Professor of Ophthalmology Joan W. Miller, an internationally recognized expert in the field of macular degeneration, was recently named chief of ophthalmology at the Massachusetts Eye and Ear Infirmary (MEEI) and chair of ophthalmology at Harvard Medical School (HMS).
Currently the director of the infirmary’s angiogenesis laboratory and a full-time physician in the retina service at the infirmary, Miller was the first woman president of the medical staff of MEEI, and is the first woman to be named chief and chairman of ophthalmology at MEEI and HMS.
“Dr. Miller is an extraordinary researcher, clinician, and teacher, with strong plans for the future” said MEEI President F. Curtis Smith. “She has been an incredible asset to our organization, and I look forward to working with her in her new role.”
“I am very excited to embark on this stage of my career,” Miller said. “I’ve enjoyed research and clinical work, and now I have a chance to grow and develop a faculty and have a major impact on the field. I’d like to make this the best department in the world.”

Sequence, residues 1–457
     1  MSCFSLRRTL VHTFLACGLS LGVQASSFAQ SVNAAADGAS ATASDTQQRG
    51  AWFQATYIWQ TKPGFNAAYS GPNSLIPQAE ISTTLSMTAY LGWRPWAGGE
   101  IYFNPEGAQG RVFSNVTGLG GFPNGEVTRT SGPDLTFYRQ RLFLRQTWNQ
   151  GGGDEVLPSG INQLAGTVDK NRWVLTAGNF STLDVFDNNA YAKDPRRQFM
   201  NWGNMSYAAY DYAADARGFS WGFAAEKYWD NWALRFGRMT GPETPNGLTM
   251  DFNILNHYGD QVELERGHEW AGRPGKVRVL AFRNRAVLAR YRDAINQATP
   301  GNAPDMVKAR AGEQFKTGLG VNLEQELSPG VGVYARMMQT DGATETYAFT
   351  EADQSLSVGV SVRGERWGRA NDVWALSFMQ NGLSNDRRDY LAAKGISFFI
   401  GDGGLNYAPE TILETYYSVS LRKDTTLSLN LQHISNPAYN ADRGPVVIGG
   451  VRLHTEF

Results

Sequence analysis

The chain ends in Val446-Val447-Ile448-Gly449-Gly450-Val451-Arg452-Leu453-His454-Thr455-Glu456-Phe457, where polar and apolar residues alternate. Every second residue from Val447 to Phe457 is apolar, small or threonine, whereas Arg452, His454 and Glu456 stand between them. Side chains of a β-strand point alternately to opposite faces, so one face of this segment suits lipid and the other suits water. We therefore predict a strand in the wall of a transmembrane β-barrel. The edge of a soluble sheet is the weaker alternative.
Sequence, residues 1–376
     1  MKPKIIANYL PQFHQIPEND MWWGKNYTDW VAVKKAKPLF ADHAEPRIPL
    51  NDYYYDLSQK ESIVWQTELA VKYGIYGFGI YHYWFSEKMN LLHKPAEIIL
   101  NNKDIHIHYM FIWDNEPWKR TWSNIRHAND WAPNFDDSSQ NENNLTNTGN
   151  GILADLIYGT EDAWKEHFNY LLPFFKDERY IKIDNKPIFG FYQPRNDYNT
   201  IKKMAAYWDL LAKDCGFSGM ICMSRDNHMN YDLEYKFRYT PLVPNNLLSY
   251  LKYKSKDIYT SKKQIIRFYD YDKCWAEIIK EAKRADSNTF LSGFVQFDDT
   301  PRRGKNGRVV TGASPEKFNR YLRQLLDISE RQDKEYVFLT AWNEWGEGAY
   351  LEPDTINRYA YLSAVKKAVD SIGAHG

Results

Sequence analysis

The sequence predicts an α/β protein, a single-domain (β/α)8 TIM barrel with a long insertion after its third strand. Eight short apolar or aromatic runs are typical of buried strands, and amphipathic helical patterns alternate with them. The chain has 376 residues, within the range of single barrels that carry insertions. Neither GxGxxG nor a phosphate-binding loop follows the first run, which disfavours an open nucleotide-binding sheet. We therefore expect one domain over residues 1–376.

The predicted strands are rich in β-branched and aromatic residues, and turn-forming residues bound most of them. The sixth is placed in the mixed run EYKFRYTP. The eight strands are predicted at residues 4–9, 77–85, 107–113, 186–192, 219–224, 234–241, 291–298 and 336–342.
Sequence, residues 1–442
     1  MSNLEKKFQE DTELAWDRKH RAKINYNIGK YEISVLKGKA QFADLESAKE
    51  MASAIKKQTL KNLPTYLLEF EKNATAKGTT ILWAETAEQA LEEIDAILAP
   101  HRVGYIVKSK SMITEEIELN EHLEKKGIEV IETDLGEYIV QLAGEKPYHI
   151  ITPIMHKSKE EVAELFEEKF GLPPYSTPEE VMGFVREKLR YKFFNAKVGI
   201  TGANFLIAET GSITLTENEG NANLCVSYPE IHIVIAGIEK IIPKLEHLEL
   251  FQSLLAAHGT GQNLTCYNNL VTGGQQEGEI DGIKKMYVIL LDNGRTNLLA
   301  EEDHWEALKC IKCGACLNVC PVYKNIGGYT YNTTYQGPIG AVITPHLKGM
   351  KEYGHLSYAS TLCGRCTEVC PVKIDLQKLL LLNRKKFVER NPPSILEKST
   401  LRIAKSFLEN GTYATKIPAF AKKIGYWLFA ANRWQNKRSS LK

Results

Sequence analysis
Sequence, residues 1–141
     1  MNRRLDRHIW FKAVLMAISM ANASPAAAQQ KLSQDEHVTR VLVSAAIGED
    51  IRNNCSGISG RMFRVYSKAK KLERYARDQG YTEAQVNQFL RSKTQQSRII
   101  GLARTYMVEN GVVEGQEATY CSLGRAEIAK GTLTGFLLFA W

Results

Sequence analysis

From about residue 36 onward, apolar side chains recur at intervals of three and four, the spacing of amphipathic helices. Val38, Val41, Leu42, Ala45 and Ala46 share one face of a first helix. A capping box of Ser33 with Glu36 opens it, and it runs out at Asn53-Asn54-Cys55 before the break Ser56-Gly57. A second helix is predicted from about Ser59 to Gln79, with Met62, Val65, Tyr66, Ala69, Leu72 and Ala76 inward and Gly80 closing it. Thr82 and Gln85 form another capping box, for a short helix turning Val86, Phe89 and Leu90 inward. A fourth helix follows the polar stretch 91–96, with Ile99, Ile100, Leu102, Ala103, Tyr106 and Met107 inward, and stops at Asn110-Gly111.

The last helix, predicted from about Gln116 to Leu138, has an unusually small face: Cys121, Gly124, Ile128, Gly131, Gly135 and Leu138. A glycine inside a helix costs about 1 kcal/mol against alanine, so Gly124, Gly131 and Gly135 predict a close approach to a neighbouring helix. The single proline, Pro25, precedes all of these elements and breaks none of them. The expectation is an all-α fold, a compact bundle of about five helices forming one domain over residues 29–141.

Miller earned her bachelor of science degree from the Massachusetts Institute of Technology and her medical degree from Harvard Medical School. As a researcher, she has pioneered the development of photodynamic therapy (a combination of drugs and laser treatment) for neovascular macular degeneration.
She and her colleagues were also among the first to demonstrate the importance of vascular endothelial growth factor (VEGF) in the development of ocular neovascularization and the potential use of anti-angiogenic drugs (drugs that inhibit blood vessel growth) in targeting VEGF. She said that these drugs are now in Phase III trials and that the results will be announced in several weeks.
Miller said she chose ophthalmology as a specialty because it offered “a nice combination of medical and surgical treatments.”
It is also a field that provides many opportunities for cross-disciplinary collaboration. The retina, the area at the back of the eye that receives images, is really a piece of brain tissue, she explained, and has been used as a model for all sorts of neurological studies. Her own work in the use of anti-angiogenic drugs to treat VEGF builds upon work by cancer researcher Judah Folkman.
“Research is best done in a collaborative atmosphere,” Miller said. “The exchange of knowledge helps to expand research efforts and improve the development of treatments.”